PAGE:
• Implementing a court diversion and liaison scheme in a remand prison by systematic screening of new receptions: A 6 year participatory action research study of 20,084 consecutive male remands Author(s): McInerney, Clare; Davoren, Mary; Flynn, Grainne; Mullins, Diane; Fitzpatrick, Mary; Caddow, Martin; Caddow, Fintan; Quigley, Sean; Black, Fergal; Kennedy, Harry G.; O'Neill, Conor Source: International Journal of Mental Health Systems; Jun 2013; vol. 7 Publication Date: Jun 2013 Publication Type(s): Journal Peer Reviewed Journal Article
  • Information pathways into prison mental health care Author(s): Samele, Chiara; Urquía, Norman; Slade, Karen; Forrester, Andrew Source: Journal of Forensic Psychiatry & Psychology; Jul 2017; vol. 28 (no. 4); p. 548-561 Publication Date: Jul 2017 Publication Type(s): Journal Peer Reviewed Journal Article
  • Court diversion for those with psychosis and its impact on re-offending rates: Results from a longitudinal data-linkage study Author(s): Albalawi, Olayoung adults; Chowdhury, Nabila Zohora; Wand, Handan; Allnutt, Stephen; Greenberg, David; Adily, Armita; Kariminia, Azar; Schofield, Peter; Sara, Grant; Hanson, Sarah; O'Driscoll, Colman; Butler, Tony Source: BJPsych Open; Jan 2019; vol. 5 Publication Date: Jan 2019 Publication Type(s): Journal Peer Reviewed Journal Article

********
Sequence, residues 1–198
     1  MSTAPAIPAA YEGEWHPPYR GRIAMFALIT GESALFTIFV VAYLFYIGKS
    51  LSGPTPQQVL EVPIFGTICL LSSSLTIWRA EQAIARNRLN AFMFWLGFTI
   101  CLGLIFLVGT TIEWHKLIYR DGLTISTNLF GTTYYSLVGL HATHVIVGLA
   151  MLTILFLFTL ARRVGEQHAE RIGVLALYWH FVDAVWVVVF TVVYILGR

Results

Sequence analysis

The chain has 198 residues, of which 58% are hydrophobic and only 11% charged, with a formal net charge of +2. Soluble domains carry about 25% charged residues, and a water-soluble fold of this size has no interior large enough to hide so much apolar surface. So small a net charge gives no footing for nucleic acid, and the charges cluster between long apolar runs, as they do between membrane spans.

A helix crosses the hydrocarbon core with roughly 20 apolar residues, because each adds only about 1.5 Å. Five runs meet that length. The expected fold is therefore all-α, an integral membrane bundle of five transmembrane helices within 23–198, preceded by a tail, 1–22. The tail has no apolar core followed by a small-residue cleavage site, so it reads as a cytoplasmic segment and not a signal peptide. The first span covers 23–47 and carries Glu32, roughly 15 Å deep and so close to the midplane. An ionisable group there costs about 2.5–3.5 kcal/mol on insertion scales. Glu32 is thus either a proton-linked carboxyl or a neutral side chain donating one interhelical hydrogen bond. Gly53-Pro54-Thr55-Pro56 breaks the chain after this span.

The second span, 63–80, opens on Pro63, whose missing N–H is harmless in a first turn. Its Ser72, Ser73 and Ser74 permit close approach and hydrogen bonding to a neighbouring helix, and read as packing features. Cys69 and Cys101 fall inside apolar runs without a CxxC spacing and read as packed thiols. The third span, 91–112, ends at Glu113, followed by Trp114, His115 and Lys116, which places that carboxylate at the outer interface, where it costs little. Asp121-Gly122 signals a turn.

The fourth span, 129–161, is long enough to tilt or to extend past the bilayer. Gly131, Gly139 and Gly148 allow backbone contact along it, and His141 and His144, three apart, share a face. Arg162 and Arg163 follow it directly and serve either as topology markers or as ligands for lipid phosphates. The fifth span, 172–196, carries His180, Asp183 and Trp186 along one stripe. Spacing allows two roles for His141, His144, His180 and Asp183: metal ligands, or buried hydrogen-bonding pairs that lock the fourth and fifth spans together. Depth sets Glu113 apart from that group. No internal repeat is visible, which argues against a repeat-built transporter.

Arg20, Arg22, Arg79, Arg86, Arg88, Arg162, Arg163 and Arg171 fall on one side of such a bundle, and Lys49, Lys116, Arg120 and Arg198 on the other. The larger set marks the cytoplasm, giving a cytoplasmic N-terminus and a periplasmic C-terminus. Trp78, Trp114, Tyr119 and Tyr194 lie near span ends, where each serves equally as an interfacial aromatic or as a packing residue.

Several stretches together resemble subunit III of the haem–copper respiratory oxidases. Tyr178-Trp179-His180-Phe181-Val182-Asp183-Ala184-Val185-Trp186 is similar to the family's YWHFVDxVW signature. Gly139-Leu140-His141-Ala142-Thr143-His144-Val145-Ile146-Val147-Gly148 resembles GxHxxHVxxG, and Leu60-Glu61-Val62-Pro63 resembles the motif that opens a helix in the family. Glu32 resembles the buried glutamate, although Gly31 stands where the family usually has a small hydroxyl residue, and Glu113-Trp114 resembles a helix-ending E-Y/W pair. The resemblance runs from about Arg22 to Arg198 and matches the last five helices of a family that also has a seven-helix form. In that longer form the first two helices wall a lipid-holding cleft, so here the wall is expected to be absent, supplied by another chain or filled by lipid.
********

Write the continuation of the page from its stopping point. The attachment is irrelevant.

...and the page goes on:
• A nursing alternative to prison. Author(s): Dean, Erin Source: Nursing standard (Royal College of Nursing (Great Britain): 1987); 2013; vol. 28 (no. 6); p. 20-22 Publication Date: 2013 Publication Type(s): Journal Article
  • Nurse support in police stations could help reduce reoffending. Author(s): Norman, Ann Source: Nursing standard (Royall College of Nursing (Great Britain): 1987); Feb 2014; vol. 28 (no. 23); p. 12 Publication Date: Feb 2014 Publication Type(s): News PubMedID: 24494877
  • Screening for learning disabilities in the criminal justice system: a review of existing measures for use within liaison and diversion services. Author(s): Silva; Gough, Karen; Weeks, Hannah Source: Journal of Intellectual Disabilities & Offending Behaviour; Jan 2015; vol. 6 (no. 1); p. 33-43 Publication Date: Jan 2015 Publication Type(s): Academic Journal